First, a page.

PBRs are closed-system, artificial algae growing environments that consist of rows of connected glass or plastic tubes typically between 5 and 30 cm in diameter. They provide a controlled and measureable process for consistent algae production. Closed systems allow for more precise control of ideal growing conditions by providing accurate monitoring of nutrients, pH and light to better enhance yields, while also increasing light distribution options via fiber optics or artificial light. PBRs enable researchers to grow sensitive genetically modified algae, which can only be cultivated in contained environments. Closed systems also enable researchers to easily move algae, adding greater flexibility with respect to production.

PBRs offer high yields and reproducible harvest results, positioning them as the future of the algae production industry. But while the solution offers a noticeable advantage over open ponds, the total algae production potential within PBR systems has yet to be tapped.

New photobioreactor could drive greater yields
One of the most recent innovations in the ongoing push for greater algae cultivation is the development of oval glass tubes for industrial algae growth in PBRs. Developed by SCHOTT, the tube’s oval shape is designed to diffuse light more evenly to aid the photosynthesis process and accelerate the growth of microorganisms to increase yields. The oval tubes are designed to support algae producers harvesting higher total yields through PBRs for high-value products or cultivators utilizing PBRs as quality seed reactors for the inoculation of open ponds.

The oval tubes are produced with borosilicate glass rather than polymer materials, making them resistant to ultraviolet light that can impede algae production. Glass is also scratch resistant and can withstand all cleaning agents to enable safe and reliable production over a long period of time. These new tubes come in a variety of different wall thicknesses, diameters and lengths to suit different facilities and applications.

The tubes could offer substantial cost-savings over traditional PBRs. The durable glass’ 20-year lifespan saves researchers from costly tube replacements and ensures sustained algae growth without technology failure. The tubes stretch from 1.4 to 10 m in length and, unlike polymer materials, require fewer support structures, reducing infrastructure costs. Finally, while the tubes are oval, their ends are perfectly round so that they can join with standard connectors to other glass or synthetic tubes, keeping costs low.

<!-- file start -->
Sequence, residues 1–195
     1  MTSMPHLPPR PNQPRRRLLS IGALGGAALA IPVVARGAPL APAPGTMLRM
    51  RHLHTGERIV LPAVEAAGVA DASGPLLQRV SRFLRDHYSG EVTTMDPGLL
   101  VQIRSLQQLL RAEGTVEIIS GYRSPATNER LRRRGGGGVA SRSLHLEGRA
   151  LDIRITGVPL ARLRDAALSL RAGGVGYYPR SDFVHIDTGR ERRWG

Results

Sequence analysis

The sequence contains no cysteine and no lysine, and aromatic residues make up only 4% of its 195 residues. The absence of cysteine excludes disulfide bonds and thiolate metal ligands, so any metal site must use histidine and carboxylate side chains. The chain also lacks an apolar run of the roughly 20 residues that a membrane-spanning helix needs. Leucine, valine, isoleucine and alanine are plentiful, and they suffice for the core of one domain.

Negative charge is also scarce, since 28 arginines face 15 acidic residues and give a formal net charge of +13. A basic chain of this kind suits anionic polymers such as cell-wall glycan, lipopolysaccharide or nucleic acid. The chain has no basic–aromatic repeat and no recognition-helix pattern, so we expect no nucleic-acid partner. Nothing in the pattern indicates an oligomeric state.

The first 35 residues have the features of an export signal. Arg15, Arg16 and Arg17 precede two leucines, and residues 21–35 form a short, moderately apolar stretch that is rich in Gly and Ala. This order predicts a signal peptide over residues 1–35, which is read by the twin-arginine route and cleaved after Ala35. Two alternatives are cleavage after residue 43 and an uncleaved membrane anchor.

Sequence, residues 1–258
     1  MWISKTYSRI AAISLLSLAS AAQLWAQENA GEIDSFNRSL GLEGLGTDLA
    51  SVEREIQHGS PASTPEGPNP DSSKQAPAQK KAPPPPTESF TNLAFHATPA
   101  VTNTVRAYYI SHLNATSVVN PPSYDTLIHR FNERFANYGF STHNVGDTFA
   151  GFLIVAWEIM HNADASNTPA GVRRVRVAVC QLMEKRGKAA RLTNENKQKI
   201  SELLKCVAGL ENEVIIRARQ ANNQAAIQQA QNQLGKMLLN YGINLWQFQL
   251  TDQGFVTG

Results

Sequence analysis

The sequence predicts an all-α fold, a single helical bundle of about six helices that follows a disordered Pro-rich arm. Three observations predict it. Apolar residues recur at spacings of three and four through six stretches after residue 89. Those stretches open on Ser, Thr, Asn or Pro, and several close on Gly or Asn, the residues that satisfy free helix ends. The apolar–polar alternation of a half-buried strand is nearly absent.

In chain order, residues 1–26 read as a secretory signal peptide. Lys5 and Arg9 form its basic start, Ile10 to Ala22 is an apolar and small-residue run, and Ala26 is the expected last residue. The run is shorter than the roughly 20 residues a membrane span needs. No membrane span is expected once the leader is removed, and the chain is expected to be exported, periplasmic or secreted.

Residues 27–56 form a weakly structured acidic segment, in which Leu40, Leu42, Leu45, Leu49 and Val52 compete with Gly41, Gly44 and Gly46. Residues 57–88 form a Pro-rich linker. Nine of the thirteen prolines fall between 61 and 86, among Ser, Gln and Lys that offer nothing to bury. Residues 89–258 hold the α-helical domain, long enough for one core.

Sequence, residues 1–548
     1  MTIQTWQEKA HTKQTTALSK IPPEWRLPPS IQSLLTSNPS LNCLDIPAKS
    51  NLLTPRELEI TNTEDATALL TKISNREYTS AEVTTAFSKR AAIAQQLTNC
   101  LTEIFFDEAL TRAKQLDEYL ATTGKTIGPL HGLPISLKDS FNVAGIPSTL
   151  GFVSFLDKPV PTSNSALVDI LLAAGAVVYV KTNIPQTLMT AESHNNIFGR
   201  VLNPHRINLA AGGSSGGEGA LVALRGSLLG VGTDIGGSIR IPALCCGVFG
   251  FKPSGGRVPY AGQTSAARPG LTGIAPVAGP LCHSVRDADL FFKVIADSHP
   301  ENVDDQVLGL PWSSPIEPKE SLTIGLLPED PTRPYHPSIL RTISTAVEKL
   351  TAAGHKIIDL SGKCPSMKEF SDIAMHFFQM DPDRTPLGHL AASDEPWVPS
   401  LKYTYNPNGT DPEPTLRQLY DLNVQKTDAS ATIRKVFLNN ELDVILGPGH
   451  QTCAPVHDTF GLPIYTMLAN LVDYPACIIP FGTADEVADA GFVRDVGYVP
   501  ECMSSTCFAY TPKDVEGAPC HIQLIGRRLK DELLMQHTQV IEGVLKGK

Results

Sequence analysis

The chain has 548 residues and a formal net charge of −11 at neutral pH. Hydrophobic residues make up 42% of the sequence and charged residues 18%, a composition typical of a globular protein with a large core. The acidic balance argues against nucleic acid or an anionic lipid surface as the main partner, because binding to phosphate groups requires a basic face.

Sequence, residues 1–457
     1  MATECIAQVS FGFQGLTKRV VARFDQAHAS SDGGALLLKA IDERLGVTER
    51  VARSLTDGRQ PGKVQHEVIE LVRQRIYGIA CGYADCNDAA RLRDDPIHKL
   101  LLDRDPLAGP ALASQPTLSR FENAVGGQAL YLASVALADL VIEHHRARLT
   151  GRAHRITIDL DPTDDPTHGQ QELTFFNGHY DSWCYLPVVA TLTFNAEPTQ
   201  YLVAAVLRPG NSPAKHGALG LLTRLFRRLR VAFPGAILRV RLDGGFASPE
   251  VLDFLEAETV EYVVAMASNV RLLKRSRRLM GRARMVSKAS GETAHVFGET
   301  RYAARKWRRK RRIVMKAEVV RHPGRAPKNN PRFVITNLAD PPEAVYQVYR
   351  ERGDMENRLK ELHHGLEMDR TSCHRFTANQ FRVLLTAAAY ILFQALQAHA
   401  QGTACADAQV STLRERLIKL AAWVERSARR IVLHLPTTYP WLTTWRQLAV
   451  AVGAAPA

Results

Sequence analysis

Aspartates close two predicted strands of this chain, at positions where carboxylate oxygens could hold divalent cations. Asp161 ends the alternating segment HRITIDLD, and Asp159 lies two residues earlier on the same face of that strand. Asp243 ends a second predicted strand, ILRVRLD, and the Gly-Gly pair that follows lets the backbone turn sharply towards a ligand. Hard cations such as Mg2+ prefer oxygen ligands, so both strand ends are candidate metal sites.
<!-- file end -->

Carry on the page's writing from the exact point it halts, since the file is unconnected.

SCHOTT has already produced the oval tubes and is currently tracking algae growth in test installations comparing the performance of round and oval tubes in real test reactors supported by computer simulations. Based on the results, the company will continue to improve the tubes in order to ensure optimal light distribution and algae production.

Innovations that would increase the yield, efficiency and cost effectiveness of industrial algae growth would better support the myriad industries drawing on the attributes of algae to improve pharmaceutical production, cosmetics and food, as well as tear down one of the roadblocks to production of biofuels. In this drive, oval tubes could be the next big advance, offering a long-lasting, optimal environment for algae growth that limits costs while improving light diffusion, which could in turn drive higher yields and accelerate the industrial algae cultivation industry.